The federal and regional research establishments funded by the Federal Government and the federal states provide a considerable capacity for research. Those establishments are primarily responsible - in addition to their territorial activities - for achieving scientific results to meet their departmental responsibilities, but also contribute to the general acquisition of knowledge.

As a joint institution of German universitites, the Deutscher Akademischer Austauschdienst (DAAD) [German Academic Exchange Service) has the task of promoting foreign relations in higher education in particular by means of exchanges of students and scientists. Its programmes are usually open to all disciplines and all countries; Germans and foreigners may equally benefit from them. The DAAD is mainly financed by the public purse, primarily the Federal Government (approx. 80%), the EU and private investors.

With its more than 250 individual programmes, the DAAD pursues the objectives of academic cooperation with other countries, the promotion of the German language and of German literature abroad as well as (follow-up) counselling for scholarship holders, information and publication, higher education marketing and advice for policy makers.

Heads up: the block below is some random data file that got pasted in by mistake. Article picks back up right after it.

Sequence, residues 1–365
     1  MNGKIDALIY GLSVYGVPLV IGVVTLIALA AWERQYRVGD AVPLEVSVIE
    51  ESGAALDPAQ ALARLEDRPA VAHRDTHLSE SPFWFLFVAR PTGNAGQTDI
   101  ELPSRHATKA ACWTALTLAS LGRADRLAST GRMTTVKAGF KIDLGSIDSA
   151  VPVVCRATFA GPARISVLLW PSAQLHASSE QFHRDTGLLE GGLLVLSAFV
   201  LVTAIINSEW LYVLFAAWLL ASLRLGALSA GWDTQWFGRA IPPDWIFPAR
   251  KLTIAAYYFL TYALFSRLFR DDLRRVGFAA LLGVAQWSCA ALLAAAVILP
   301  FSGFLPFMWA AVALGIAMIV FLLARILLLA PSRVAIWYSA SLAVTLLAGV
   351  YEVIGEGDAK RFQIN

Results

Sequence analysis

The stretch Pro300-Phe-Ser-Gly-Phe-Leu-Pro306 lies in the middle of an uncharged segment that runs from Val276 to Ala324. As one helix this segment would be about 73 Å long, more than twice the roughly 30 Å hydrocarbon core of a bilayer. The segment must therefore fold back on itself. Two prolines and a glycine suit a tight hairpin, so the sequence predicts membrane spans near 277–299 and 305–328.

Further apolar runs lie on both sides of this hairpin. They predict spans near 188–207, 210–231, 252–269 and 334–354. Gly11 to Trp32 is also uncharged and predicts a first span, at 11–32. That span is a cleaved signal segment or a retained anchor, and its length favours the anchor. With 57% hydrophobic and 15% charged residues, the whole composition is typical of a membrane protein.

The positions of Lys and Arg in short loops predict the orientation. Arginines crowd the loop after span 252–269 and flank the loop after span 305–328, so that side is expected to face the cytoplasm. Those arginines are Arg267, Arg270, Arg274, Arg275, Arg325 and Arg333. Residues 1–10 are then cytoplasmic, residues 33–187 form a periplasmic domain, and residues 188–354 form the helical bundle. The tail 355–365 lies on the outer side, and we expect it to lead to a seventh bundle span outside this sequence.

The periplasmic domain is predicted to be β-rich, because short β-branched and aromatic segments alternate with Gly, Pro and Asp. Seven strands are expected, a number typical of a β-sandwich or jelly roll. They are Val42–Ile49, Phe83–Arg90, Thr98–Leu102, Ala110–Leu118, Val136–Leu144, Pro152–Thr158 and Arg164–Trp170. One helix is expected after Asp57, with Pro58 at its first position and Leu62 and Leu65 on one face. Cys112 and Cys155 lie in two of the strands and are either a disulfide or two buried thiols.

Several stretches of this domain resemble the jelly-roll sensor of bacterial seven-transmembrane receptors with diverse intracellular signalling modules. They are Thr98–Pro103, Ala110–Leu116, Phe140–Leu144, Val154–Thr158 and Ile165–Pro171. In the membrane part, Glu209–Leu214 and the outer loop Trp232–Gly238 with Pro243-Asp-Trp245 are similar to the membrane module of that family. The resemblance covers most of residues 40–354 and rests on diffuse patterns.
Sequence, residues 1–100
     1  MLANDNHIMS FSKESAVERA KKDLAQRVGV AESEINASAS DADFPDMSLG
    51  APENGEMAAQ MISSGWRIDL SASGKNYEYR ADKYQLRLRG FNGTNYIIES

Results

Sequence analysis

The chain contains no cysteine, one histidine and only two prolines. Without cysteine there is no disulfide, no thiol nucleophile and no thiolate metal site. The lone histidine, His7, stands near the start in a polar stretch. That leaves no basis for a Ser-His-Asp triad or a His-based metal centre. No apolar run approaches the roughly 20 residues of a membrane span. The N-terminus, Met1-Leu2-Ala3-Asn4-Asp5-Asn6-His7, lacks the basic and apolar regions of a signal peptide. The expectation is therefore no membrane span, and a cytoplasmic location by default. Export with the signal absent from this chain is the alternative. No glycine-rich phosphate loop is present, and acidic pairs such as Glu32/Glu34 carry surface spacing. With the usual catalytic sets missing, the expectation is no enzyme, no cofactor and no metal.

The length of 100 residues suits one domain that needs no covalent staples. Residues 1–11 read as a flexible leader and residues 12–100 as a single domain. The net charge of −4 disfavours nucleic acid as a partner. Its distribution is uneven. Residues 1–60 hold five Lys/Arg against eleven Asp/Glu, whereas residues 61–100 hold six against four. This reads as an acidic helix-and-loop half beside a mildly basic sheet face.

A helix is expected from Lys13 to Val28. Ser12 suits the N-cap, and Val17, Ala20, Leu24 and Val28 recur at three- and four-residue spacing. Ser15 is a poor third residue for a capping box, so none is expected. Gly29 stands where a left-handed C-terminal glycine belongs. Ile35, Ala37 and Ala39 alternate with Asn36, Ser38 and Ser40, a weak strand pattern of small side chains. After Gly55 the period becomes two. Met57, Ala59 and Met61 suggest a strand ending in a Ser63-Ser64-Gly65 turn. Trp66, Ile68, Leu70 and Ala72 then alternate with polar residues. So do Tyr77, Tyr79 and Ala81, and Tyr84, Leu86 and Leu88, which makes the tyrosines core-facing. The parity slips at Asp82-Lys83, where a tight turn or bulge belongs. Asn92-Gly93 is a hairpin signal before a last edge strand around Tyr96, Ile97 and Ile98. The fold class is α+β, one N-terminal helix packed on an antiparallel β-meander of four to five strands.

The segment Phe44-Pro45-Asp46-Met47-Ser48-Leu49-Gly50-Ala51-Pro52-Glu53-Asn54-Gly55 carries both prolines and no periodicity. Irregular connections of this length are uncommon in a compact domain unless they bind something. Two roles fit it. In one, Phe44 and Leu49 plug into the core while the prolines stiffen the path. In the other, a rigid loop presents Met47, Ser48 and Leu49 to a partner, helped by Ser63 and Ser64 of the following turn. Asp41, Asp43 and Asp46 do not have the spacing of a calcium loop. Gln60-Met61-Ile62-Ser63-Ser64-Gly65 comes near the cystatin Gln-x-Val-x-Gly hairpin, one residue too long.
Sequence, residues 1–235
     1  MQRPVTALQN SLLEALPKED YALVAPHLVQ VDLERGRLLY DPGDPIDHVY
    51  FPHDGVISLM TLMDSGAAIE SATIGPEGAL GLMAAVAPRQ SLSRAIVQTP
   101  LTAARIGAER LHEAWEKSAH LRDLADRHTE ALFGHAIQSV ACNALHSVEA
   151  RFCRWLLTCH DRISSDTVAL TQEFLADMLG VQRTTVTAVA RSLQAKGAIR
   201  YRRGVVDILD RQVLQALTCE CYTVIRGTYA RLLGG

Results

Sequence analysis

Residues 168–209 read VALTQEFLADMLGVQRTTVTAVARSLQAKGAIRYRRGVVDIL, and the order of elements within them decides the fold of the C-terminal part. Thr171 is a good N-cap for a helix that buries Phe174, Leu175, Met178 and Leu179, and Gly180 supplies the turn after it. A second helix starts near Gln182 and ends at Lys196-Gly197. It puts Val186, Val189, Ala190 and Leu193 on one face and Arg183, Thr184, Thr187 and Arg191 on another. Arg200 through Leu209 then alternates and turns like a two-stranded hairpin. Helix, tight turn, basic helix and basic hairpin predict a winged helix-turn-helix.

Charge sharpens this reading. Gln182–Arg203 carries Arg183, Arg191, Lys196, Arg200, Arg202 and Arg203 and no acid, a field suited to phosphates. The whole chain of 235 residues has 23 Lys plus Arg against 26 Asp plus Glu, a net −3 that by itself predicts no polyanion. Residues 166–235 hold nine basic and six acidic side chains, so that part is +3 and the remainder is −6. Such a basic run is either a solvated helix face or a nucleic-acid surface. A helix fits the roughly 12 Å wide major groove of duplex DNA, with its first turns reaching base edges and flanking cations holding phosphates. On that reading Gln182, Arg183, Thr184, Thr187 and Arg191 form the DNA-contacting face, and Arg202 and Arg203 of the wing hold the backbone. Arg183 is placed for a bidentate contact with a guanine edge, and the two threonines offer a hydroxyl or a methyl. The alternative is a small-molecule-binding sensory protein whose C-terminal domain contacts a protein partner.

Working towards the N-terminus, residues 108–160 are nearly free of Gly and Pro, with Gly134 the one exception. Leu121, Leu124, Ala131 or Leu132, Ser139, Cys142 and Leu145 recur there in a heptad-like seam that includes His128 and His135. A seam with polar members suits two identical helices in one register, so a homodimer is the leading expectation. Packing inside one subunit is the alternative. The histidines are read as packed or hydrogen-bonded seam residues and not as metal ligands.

The Alexander von Humboldt-Stiftung (AvH) [Alexander von Humboldt Foundation] awards up to 600 research grants to foreign post-docs. There are no quotas with regard to country or discipline. Research periods abroad of German scholars and scientists are supported in particular by the annually up to 150 Feodor Lyenen research grants awarded by the AvH.

The Arbeitsgemeinschaft industrieller Forschungsvereinigungen e.V. (AiF) [Association of Industrial Research Organisations (registered association)] forms an important part of the research scene. The AiF is a commercial umbrella organisation comprising around 107 industrial research organisations. The main responsibility of the AiF is to support joint industrial research. Public funding is used to support projects relating to applied research that takes account of the practical needs of small and medium-sized undertakings. Together with the research departments of the undertakings, those research establishments account for 68.4% of gross domestic expenditure on R&D in 1997 and constitute the largest (economic) sector of the research scene in terms of quantity.